Each of the three acts takes place in a different period. We begin in 16th-century England, when Queen Elizabeth I interrupts a village's Passion play with a decree that all such spectacles are sacrilegious. The second act transports us to Oberammergau, Germany, in 1934, where the story of the Messiah has been done since the Middle Ages. A visit from the Führer and the anti-Semitic depiction of the Jewish hierarchy indicate the country's monstrous future. The last act takes place from 1969 to the present in South Dakota, where the annual local pageant was started by a German immigrant. At the 1984 presentation, Ronald Reagan—the ultimate actor-as-leader—makes a campaign appearance to praise the family values depicted.
In each setting, the amateur actors participating in the re-enactment struggle to find their true identities both within and outside their roles. Ruhl subtly draws parallels among the three eras, demonstrating that an undisciplined search for meaning can lead to tragedy. The pretty girl playing the Virgin Mary in Elizabethan England gets pregnant and pretends her condition is of divine origin. She later kills herself because she cannot deal with the truth. The boy enacting Christ in Nazi Germany joins the army to become part of a glorious ideal and becomes a murderer instead. The Vietnam veteran cast as Pilate in South Dakota finds he cannot wash his hands of the guilt he feels for his part in the deaths of innocent children. The playwright also makes pointed observations on the role of plays in society, the impact of religion on history, the similarities between performers and politicians, and a dozen other topics.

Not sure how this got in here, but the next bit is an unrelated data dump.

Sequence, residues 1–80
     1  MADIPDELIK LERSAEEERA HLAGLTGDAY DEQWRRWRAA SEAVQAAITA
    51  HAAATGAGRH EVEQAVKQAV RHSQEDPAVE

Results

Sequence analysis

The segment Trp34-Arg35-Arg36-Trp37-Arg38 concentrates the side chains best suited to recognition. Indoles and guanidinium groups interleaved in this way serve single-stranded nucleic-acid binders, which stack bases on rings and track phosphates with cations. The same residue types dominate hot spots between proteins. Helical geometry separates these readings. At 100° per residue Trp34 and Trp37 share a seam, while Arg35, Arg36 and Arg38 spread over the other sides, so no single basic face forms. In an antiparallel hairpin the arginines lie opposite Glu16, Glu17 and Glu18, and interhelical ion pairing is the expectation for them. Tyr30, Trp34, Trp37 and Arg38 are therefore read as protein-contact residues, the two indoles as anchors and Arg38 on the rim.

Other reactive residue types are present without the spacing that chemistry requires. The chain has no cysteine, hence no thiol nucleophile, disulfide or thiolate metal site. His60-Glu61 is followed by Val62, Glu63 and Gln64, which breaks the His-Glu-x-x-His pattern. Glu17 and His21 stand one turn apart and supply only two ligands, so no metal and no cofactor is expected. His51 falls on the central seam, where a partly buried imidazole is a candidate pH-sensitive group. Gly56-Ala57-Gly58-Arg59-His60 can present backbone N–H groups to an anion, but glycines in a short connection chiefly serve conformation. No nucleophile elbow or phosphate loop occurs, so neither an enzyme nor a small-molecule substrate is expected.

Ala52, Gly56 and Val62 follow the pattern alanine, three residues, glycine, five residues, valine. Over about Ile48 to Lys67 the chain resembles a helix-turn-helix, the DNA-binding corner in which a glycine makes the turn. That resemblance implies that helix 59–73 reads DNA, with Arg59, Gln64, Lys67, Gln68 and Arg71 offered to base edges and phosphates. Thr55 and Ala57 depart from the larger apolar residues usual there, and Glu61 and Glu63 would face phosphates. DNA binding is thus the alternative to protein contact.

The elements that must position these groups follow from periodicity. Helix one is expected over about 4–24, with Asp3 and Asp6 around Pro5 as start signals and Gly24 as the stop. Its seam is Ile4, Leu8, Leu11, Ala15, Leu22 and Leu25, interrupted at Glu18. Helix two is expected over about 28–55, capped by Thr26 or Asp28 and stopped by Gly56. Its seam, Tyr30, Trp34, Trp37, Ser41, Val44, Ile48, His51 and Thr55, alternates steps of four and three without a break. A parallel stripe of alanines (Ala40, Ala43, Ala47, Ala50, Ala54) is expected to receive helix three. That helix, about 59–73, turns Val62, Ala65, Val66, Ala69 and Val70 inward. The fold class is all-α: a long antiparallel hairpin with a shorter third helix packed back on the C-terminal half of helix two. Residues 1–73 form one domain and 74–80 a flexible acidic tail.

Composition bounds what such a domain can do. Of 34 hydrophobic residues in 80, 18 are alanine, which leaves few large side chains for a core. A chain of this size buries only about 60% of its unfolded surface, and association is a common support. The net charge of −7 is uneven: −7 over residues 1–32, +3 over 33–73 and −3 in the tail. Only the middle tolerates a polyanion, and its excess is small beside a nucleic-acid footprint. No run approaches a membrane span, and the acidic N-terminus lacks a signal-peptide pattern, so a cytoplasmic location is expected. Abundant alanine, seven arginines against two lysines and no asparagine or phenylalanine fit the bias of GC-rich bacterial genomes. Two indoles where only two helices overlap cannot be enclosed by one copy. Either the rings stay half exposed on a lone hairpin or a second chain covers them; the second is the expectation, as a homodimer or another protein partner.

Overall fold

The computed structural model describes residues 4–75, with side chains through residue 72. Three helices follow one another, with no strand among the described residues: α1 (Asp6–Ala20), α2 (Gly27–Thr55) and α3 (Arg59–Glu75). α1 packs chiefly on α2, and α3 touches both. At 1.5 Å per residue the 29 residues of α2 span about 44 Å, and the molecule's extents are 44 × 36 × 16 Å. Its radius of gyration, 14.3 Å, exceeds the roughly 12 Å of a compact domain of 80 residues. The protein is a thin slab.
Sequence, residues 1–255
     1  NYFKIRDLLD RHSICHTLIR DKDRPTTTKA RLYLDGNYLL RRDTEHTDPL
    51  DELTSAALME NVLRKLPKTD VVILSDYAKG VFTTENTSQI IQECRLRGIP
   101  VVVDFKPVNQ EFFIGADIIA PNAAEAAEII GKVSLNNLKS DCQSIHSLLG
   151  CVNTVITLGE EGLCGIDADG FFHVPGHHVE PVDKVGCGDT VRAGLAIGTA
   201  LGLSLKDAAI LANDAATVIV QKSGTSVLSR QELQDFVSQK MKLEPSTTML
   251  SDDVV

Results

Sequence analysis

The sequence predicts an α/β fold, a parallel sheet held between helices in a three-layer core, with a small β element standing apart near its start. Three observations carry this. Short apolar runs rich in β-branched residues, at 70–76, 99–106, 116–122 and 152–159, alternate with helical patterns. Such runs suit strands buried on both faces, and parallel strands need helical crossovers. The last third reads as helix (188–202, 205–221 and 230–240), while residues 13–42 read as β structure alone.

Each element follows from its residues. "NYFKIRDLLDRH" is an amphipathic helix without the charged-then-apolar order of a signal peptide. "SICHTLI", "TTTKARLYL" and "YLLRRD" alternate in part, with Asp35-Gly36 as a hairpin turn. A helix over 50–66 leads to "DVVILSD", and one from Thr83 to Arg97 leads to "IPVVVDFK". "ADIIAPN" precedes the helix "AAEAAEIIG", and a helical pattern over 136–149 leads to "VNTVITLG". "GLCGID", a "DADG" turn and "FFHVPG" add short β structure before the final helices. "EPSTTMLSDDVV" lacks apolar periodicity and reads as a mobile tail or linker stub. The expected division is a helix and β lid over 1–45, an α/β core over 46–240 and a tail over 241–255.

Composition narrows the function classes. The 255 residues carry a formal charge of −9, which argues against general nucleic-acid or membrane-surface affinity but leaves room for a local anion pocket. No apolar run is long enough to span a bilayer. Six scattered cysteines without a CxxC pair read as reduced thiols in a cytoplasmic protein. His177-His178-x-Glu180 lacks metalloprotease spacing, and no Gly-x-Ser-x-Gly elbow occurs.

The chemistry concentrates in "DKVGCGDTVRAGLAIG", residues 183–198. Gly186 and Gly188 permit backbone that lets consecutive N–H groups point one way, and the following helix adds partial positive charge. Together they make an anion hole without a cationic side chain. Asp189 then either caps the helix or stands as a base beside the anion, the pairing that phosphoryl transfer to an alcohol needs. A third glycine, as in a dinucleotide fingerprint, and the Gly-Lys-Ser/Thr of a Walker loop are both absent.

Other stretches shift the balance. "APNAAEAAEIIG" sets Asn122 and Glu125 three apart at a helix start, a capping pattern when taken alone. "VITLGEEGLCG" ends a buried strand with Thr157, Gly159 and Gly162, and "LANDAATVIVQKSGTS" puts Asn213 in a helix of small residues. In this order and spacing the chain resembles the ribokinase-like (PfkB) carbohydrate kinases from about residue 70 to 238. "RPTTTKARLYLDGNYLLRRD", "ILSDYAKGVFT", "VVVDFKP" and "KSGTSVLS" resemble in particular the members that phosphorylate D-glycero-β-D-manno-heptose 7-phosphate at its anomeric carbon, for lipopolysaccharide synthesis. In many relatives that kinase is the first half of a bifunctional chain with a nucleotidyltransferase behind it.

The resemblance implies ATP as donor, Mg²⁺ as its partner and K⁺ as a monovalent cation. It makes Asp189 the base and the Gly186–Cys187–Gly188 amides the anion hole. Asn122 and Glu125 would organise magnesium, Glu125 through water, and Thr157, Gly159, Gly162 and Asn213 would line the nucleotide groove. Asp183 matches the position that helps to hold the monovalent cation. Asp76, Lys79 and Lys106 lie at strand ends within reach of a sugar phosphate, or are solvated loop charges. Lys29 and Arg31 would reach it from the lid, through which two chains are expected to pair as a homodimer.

Following his acclaimed full-scale productions of the play at the Goodman Theatre and Yale Repertory Theatre, director Mark Wing-Davey has inventively reimagined his staging to accommodate the site-specific nature of this engagement. Employing about a dozen mobile prop cabinets as scenery (the subtle set design is by Allen Moyer and Warren Karp), Wing-Davey creates a found-object world reflecting the nonprofessional status of the characters. David Weiner's lighting and Gabriel Berry and Antonia Ford-Roberts' costumes imaginatively place us in each era.
The 11-member company paints humanity in its myriad fascinating shades as a galaxy of characters searching for the word of God through acting. Particularly brilliant are Dominic Fumusa, Polly Noonan, and T. Ryder Smith. Fumusa expertly depicts the inner conflicts of the men playing Pontius without veering into melodrama. Noonan is heartbreaking and funny as the savantlike village idiot in England and Germany and a bird-loving little girl in contemporary America. Smith gives a tour de force performance as the imperious Elizabeth, the quietly menacing Hitler, and the folksy Reagan.
I'm assuming the playwright's name is part of the title to avoid confusion with Peter Nichols' "Passion Play" or perhaps the actual Passion play itself, but there's no danger of mistaking this unique work for any other. It's a rich, textured tapestry of a play that all followers of serious theater and thought should trek to Brooklyn to see.
Presented by Epic Theatre Ensemble at the Irondale Center, 85 S. Oxford St., Brooklyn, N.Y. May 12–June 5. Wed.–Sat., 7:30 p.m.; Sat., 2 p.m.; Sun., 3:30 p.m. (212) 352-3101, (866) 811-4111, www.theatermania.com, or www.epictheatreensemble.org. Casting by Calleri Casting.